This week’s smashers start off with Hundred Records favourites Son Volt, whose new album, Union, showcases more of the pain of division, while still taking time to spotlight music’s ability to heal and offer respite from troubling sociopolitical times. “There are so many forces driving our country apart,” says founding member Jay Farrar. “What can we do to bring our society back together?” To answer that question, Son Volt delve deep into a batch of songs steeped in the history of protest music, both thematically and symbolically. Several of Union’s 13 tracks were recorded at locations Farrar views as important to America’s history.
Side Effects is the eighth studio album by White Denim, and it’s more in line with the experimental, freewheeling spirit of Last Day of Summer than anything else they’ve released since. This is a record that captures the essence of the band’s full-throttle live shows, and features a rotating cast of band members led by James Petralli and Steve Terebecki. The tracks on Side Effects draw on the sounds of different personnel to create a cohesive whole – the result being an album that’s as varied and vivacious as anything they’ve ever done.
Billie Eilish’s meteoric rise to global stardom has been nothing short of phenomenal, and is arguably unparalleled to date. Since her debut single ‘Ocean Eyes’ in 2016, Billie has quietly yet unapologetically infiltrated the forefront of pop. When We All Fall Asleep, Where Do We Go? was written, produced and recorded entirely by 17-year-old Billie and brother Finneass. The pair spent most of 2018 writing songs on the road, then spent many days and nights at home, recording the album.
In 1974, the nineteen-year-old Steve Earle had just hitch-hiked from San Antonio to Nashville. Steve started playing bass guitar in Guy Clark’s band and was soon flying high on what would become an indelible friendship of like-minded musicians who bonded in a kinship of stories told through song. Flash forward more than forty years to May 2016, when Guy succumbed to lymphoma after a long battle. He had lived with the disease and continued to write songs until the day he died. He also painted, built instruments and owned a guitar shop in the Bay area. According to Earle, “You hung around with Guy and knew why they call what artists do disciplines. Because he was disciplined.” The same can be said of Earle. In the autumn of 2018, Steve and The Dukes went into House Of Blues studio in Nashville and recorded their tribute, Guy.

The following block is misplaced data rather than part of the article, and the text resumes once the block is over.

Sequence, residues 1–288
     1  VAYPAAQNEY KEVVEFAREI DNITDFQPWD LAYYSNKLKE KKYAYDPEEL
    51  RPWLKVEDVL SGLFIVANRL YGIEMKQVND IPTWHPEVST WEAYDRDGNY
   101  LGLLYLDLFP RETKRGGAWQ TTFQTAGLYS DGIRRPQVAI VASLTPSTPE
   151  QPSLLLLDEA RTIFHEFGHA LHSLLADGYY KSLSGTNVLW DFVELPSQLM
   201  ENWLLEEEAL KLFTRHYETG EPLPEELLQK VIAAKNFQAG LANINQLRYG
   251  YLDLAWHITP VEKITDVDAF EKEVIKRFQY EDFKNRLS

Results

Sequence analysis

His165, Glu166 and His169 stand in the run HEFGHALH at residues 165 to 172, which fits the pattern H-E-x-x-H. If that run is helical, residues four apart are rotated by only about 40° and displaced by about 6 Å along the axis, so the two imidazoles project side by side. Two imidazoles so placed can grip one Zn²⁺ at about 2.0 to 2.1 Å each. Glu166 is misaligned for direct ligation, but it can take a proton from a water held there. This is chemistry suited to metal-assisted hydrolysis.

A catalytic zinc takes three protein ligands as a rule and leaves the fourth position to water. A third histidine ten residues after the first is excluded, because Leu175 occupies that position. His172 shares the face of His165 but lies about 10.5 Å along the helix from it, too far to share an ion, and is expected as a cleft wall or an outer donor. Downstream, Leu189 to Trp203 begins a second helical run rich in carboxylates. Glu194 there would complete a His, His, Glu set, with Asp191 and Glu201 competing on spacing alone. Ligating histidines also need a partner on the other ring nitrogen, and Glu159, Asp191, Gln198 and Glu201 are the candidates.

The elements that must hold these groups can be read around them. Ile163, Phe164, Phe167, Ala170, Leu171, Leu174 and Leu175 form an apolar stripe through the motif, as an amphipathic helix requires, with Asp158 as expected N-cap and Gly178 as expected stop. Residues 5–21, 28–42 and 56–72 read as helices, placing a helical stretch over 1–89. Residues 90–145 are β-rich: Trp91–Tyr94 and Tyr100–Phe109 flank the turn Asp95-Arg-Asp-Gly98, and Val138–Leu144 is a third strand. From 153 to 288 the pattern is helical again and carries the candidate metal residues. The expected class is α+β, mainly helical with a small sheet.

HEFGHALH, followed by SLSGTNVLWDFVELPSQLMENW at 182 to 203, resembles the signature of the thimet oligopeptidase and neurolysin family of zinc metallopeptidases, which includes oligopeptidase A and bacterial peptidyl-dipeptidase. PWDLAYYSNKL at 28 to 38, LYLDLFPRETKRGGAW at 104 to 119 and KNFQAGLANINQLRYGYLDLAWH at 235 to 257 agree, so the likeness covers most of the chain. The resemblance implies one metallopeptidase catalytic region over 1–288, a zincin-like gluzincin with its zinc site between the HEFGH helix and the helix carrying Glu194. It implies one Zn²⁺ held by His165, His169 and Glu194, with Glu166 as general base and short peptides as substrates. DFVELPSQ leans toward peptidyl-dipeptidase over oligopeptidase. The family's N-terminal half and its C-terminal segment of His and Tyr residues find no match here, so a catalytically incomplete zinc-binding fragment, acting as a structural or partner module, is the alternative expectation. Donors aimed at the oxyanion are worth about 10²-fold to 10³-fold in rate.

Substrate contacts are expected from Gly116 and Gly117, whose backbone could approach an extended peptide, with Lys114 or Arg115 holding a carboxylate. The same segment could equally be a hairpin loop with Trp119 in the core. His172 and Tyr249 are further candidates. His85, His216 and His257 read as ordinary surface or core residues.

Deforming Lobes captures The Freedom Band in fiery flight, igniting a handful of songs from Ty Segall’s catalogue in a live performance at LA’s Teragram Ballroom. The band explores everything with unrestrained curiosity and zeal, never losing their collective bond with the audience. For the album, analogue recordings supervised by Steve Albini present the band somehow even more brutally front and centre, redefining the physical experience of witnessing the concert in person.
Our album of the week just has to be the collaboration between English folk royalty and Australian soul in Marry Waterson & Emily Barker. English folk singer Marry Waterson is the daughter of Lal and a member of the famous folk music family The Watersons. Emily Barker is an Australian singer/songwriter whose music you may have heard on the UK version of crime drama ‘Wallander’ even if you don’t already know her name. The pair met at a songwriting retreat run by Kathryn Williams. Their first album together, A Window To Other Ways, has thrown up a mixture of styles from the obvious folk, with country, soul, blues and indie, and is a fabulous album full of fly-on-the-wall observations of the contradictions and disconnections of modern life. Oh, and they are only going to be performing live at Hundred Records on Thursday 11 April at 6pm! Pre-order a copy of the album to guarantee entry on what is bound to be an extraordinary evening.
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